So the Justice Minister convenes a press conference Monday morning to discuss the government’s crime agenda. And, at least judging from the transcript, he appears to have been suffering from a rather serious bout of displeasure.
“Once again, the opposition parties, the Liberals, NDP and the Bloc are playing politics at the expense of the safety and security of Canadians.”
“So what do these stalling tactics and lack of action mean to Canadians over this summer? It means that they would still find themselves victims of identity thanks to the opposition.”
“I’m here today to call on Michael Ignatieff and his Liberals to ensure that this happens. I’m calling on the Liberals to pass C-15 into law before the Senate rises this summer. For once, we need the Liberals to stand up against these gangs, the people who exploit Canada’s most vulnerable citizens, particularly our youth.”
And so on. Reporters press Mr. Nicholson on various matters and then the pesky Tonda MacCharles, a writer employed by a paper the Prime Minister reads and respects, asks an entirely unreasonable question.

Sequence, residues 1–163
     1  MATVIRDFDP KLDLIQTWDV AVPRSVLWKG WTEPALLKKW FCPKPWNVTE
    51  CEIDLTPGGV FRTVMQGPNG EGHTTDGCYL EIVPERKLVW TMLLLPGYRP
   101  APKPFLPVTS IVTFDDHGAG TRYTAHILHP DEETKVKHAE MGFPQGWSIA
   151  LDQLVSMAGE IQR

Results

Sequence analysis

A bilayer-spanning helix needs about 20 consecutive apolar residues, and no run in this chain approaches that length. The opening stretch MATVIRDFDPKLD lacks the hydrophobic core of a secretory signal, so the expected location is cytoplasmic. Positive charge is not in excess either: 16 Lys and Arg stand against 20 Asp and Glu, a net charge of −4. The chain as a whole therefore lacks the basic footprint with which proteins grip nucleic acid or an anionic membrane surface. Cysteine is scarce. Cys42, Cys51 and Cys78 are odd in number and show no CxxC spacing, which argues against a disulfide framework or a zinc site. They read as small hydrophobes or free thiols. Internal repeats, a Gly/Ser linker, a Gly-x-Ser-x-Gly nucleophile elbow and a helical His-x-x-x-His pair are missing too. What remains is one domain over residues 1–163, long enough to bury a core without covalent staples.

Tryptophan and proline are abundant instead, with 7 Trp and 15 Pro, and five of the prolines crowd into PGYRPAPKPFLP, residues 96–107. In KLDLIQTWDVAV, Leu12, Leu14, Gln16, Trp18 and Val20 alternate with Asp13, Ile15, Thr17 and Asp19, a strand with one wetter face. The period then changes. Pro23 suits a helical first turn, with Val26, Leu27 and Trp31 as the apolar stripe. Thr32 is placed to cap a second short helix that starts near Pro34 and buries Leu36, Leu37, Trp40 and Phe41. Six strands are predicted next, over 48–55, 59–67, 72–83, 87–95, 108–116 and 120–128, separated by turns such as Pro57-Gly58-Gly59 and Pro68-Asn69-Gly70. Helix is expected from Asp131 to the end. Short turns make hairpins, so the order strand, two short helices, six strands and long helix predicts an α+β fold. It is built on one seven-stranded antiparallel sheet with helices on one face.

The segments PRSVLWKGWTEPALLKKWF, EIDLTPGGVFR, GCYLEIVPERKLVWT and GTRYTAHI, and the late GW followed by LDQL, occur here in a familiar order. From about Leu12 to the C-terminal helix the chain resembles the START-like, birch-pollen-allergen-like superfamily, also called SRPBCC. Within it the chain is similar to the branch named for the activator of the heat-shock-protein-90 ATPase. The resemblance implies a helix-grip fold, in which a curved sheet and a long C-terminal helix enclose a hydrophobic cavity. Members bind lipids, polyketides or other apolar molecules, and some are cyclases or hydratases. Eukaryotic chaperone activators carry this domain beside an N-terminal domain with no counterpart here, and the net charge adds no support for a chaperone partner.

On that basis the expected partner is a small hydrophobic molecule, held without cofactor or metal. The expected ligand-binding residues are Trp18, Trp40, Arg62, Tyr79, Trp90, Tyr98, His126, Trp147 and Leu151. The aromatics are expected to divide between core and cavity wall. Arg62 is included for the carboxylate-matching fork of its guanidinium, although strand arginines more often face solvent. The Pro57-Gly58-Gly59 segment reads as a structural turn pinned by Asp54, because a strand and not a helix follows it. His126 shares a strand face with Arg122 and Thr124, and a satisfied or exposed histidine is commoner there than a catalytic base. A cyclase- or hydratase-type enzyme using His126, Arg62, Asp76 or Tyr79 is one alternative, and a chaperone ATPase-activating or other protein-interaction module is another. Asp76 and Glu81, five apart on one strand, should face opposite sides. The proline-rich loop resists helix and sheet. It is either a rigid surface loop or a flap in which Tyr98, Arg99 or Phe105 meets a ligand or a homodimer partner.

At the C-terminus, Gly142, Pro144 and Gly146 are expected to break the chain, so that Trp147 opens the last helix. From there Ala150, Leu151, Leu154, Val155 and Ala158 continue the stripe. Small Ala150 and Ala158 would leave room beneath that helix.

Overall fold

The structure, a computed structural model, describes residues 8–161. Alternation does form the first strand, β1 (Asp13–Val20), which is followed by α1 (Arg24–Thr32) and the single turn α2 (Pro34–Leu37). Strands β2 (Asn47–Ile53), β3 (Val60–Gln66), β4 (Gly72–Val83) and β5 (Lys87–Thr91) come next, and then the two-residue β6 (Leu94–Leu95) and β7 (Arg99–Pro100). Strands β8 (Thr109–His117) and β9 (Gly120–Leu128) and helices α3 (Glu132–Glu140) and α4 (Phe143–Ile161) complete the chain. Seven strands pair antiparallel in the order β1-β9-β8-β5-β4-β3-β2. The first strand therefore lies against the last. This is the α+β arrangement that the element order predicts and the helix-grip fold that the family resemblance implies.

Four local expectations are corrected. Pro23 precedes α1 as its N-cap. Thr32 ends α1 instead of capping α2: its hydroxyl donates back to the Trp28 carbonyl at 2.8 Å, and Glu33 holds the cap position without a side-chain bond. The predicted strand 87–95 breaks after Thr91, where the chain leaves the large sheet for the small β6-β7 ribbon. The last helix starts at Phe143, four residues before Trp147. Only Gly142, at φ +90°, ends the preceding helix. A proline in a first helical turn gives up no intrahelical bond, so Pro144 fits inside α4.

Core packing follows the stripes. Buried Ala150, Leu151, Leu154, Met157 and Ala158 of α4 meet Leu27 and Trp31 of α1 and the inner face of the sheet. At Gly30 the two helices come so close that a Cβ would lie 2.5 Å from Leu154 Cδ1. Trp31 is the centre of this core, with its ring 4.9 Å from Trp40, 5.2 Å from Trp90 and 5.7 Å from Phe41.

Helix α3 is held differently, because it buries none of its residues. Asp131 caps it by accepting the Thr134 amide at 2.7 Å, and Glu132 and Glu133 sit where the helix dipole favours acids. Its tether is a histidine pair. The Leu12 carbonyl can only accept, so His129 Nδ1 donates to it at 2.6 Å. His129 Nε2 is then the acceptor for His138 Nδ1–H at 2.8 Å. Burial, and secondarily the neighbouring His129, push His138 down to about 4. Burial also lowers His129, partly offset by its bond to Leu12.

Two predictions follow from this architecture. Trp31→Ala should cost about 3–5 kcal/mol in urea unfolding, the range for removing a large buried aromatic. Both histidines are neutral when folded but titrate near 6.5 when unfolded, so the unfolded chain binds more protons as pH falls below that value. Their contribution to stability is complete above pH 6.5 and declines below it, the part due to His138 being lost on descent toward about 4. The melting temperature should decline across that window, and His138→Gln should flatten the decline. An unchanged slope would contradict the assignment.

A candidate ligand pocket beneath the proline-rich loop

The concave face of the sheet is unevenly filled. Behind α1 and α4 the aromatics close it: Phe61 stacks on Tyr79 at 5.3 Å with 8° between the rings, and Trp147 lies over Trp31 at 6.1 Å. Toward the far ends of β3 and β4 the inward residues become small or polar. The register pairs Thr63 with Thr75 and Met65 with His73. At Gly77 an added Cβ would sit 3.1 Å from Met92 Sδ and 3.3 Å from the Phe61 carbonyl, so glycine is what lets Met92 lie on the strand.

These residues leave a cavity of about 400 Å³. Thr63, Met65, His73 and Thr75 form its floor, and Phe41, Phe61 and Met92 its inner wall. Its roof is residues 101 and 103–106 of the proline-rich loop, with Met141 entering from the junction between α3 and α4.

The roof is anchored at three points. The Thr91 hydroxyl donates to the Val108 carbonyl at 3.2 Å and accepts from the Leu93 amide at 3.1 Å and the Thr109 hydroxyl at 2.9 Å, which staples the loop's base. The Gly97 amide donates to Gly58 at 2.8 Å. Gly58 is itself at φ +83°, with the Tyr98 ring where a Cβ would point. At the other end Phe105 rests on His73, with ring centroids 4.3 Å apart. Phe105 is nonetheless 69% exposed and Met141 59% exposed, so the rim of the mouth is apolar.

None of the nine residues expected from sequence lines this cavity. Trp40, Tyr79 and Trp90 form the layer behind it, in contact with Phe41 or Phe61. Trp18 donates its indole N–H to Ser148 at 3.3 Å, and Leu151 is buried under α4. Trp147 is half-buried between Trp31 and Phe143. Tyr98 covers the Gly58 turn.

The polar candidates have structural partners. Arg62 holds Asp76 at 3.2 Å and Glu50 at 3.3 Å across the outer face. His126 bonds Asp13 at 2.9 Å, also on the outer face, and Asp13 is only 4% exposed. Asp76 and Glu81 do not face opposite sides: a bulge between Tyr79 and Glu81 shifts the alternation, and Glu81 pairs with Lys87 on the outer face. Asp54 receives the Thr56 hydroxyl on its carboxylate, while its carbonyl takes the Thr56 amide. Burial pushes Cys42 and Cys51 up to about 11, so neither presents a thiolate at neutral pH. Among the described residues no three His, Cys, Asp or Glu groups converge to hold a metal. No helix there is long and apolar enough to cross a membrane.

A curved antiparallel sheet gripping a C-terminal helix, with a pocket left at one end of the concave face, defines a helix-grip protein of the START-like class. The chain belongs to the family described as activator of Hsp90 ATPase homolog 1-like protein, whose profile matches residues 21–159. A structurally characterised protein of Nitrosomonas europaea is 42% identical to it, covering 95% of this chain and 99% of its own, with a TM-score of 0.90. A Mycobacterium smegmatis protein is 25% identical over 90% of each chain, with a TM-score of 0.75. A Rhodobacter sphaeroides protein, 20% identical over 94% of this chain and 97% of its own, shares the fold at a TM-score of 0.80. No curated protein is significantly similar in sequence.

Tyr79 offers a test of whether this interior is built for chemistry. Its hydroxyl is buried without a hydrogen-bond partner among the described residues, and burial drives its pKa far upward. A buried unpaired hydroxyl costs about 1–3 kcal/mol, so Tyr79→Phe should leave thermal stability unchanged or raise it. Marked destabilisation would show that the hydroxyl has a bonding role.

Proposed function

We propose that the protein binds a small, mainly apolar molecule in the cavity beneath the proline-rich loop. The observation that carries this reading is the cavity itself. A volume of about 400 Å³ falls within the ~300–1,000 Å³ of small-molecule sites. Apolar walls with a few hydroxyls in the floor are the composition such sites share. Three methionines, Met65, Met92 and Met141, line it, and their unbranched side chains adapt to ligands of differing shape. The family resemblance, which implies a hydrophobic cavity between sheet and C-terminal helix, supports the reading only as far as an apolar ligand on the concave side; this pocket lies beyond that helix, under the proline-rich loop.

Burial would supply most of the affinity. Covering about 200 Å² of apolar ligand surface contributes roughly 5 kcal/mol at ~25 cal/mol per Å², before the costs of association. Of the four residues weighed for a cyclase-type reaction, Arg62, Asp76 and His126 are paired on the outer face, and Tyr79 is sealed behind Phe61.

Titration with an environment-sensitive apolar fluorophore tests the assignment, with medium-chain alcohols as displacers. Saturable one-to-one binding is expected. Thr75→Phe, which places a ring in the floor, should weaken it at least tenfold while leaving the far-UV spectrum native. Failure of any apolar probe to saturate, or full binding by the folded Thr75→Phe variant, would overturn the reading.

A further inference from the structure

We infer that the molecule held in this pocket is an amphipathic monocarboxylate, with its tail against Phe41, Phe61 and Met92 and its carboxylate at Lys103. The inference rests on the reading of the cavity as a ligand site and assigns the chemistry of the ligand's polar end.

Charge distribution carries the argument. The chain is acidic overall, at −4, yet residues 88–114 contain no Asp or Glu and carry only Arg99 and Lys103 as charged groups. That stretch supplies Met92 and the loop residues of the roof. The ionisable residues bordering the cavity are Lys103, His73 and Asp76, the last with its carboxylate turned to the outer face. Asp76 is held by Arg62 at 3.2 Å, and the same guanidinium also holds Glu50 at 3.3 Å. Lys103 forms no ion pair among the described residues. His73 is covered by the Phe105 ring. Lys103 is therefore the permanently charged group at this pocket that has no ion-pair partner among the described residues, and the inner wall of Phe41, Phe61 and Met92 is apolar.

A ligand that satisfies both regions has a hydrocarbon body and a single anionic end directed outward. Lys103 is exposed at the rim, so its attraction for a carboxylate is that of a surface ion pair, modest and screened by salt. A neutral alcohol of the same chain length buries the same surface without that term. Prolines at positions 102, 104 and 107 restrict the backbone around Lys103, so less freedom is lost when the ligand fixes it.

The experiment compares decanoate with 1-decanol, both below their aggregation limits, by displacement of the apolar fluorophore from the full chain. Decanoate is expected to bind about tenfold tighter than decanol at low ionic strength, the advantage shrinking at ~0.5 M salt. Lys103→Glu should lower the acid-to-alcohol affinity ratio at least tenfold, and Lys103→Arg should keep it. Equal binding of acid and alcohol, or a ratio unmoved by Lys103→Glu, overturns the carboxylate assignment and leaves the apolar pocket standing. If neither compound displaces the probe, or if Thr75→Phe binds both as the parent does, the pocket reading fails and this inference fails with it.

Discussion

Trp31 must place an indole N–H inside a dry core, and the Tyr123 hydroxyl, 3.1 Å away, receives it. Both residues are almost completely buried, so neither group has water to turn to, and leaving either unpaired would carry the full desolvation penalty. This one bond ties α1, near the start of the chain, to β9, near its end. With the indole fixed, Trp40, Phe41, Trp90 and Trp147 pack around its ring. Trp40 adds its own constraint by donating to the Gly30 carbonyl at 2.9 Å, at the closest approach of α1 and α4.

Question: Mr. Nicholson, I may have missed something here, but you being the reasonable quiet patient man you are with all the compromise…
The Hon. Rob Nicholson: Thank you, thank you, this is good.
Question: …why, have you called Mr. Ignatieff and tried to have a discussion with him about moving this bill through? You’ve heard from Marjorie LeBreton and if you haven’t, did your Prime Minister raise it in the discussions with Ignatieff last week? Have you had any discussions behind closed doors with them?
The Hon. Rob Nicholson: Well, the, the process is similar to when I was the Government House Leader. We take these matters up on a regular basis with our colleagues and the other parties in both places and this is why I specifically quoted Marjorie LeBreton and what is happening to our drug bill in the Senate, and believe me, I’m, I work very closely with Jay Hill who is the Government Leader in the House of Commons, with respect to
Question: Yeah, (inaudible) the Liberals in the Senate. So have you talked to Mr. Ignatieff?
The Hon. Rob Nicholson: No. Exactly. I’m saying on both counts. I mean I, as you can see, we’re stalled on our legislation right across the board here, whether it’s the House of Commons or the Senate and I’m specifically concerned about this drug bill and again, I work through the Government Leader in the Senate.
Later week on The National, Peter Mansbridge busted Michael Ignatieff on essentially the same question of bipartisan communication. Ignatieff, if memory serves, was lamenting that he and the Prime Minister hadn’t spoken since January. Mansbridge pointed out, in much nicer terms, that modern phones allow one to both receive and send calls.
In fairness, politics would be far less fun if politicians were actually expected to discuss their differences directly.